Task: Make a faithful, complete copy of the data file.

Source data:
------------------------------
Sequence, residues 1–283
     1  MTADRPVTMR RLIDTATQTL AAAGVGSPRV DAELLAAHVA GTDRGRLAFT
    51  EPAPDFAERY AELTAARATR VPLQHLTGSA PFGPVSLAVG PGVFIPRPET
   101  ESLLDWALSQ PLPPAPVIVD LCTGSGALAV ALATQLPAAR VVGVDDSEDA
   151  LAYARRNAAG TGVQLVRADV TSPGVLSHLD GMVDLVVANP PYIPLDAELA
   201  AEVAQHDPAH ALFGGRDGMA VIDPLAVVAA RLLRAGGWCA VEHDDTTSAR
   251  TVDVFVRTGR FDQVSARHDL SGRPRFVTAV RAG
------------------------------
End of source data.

Sequence, residues 1–283
     1  MTADRPVTMR RLIDTATQTL AAAGVGSPRV DAELLAAHVA GTDRGRLAFT
    51  EPAPDFAERY AELTAARATR VPLQHLTGSA PFGPVSLAVG PGVFIPRPET
   101  ESLLDWALSQ PLPPAPVIVD LCTGSGALAV ALATQLPAAR VVGVDDSEDA
   151  LAYARRNAAG TGVQLVRADV TSPGVLSHLD GMVDLVVANP PYIPLDAELA
   201  AEVAQHDPAH ALFGGRDGMA VIDPLAVVAA RLLRAGGWCA VEHDDTTSAR
   251  TVDVFVRTGR FDQVSARHDL SGRPRFVTAV RAG